Machining: Milling

Milling is the process of machining using rotary cutters to remove material by advancing a cutter into a workpiece. This may be done varying direction on one or several axes, cutter head speed, and pressure. Milling covers a wide variety of different operations and machines, on scales from small individual parts to large, heavy-duty gang milling operations. It is one of the most …

Machining: Boring

In machining, boring is the process of enlarging a hole that has already been drilled (or cast) by means of a single-point cutting tool (or of a boring head containing several such tools), such as in boring a gun barrel or an engine cylinder. Boring is used to achieve greater accuracy of the diameter of a hole, and can be used to cut a tapered hole. …

Machining: Turning

Turning is a machining process in which a cutting tool, typically a non-rotary tool bit, describes a helix toolpath by moving more or less linearly while the workpiece rotates. The tool’s axes of movement may be literally a straight line, or they may be along some set of curves or angles, but they are essentially linear (in the non mathematical sense). Usually the …

Machining: Machining vibrations

Machining vibrations, also called chatter, correspond to the relative movement between the workpiece and the cutting tool. The vibrations result in waves on the machined surface. This affects typical machining processes, such as turning, milling and drilling, and atypical machining processes, such as grinding. A chatter mark is an irregular surface flaw left by a wheel that is out of true in grinding or regular mark left when …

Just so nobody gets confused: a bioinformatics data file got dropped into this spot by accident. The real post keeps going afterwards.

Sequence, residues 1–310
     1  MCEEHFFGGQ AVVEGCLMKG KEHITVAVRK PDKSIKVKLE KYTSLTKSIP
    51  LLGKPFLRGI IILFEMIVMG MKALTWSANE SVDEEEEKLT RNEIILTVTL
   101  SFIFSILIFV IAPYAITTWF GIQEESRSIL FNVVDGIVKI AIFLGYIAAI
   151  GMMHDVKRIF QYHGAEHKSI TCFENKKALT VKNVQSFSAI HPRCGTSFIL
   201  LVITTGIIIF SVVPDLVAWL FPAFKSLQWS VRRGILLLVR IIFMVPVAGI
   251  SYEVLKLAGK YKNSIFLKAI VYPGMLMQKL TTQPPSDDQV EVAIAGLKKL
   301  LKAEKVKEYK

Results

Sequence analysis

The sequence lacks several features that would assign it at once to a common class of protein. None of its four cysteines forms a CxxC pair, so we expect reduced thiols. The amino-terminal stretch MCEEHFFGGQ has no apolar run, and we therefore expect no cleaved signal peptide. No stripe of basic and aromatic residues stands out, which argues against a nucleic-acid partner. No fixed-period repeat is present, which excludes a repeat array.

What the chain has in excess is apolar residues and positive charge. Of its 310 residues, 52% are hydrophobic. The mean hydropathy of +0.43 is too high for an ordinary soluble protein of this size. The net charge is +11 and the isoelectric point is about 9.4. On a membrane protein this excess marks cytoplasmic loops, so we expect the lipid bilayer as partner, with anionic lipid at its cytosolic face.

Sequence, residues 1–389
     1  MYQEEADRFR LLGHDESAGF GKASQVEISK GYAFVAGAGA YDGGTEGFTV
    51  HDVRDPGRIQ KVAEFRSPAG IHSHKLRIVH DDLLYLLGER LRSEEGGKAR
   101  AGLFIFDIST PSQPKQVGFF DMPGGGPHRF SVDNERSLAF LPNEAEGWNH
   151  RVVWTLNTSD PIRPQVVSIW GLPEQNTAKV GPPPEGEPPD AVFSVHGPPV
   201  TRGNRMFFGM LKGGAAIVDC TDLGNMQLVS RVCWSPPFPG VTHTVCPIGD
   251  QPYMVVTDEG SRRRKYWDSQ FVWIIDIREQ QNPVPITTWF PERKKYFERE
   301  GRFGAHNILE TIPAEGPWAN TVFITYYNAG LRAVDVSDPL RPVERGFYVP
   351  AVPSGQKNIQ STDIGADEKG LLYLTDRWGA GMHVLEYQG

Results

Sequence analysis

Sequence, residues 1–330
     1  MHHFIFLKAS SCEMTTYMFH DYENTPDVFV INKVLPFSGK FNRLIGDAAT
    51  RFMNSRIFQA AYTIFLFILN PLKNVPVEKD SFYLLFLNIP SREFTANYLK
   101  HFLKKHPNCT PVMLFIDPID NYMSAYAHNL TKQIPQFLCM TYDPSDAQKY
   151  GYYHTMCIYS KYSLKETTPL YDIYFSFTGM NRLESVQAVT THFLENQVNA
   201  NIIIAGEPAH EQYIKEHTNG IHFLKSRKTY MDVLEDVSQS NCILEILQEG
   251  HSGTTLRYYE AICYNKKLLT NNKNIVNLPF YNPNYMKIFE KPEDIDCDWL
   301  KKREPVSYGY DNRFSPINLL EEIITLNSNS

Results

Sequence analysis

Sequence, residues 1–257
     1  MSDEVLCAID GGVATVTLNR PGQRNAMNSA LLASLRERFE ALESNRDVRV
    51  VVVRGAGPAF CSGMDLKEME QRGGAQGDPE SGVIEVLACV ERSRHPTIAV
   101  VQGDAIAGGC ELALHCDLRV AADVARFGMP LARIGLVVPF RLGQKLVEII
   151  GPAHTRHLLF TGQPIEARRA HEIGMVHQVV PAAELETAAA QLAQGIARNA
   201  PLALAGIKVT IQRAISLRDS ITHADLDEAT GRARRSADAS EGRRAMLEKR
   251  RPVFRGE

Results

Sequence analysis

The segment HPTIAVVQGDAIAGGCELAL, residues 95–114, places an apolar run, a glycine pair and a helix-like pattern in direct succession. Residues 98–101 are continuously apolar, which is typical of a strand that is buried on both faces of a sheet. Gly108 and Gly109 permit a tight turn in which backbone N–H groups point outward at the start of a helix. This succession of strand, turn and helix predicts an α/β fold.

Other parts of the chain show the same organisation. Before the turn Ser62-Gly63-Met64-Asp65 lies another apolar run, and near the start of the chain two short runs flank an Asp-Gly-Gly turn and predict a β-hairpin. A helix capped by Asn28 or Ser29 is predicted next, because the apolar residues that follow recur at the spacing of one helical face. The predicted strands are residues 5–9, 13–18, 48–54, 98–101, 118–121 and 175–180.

Machining: Tool management

Tool management is needed in metalworking so that the information regarding the tools on hand can be uniformly organized and integrated. The information is stored in a database and is registered and applied using tool management. Tool data management consists of specific data fields, graphics and parameters that are essential in production, as opposed to managing general production equipment. Unlike hand …

Machining: Design for manufacturability

Design for manufacturability (also sometimes known as design for manufacturing or DFM) is the general engineering practice of designing products in such a way that they are easy to manufacture. The concept exists in almost all engineering disciplines, but the implementation differs widely depending on the manufacturing technology. DFM describes the process of designing or engineering a product in order to …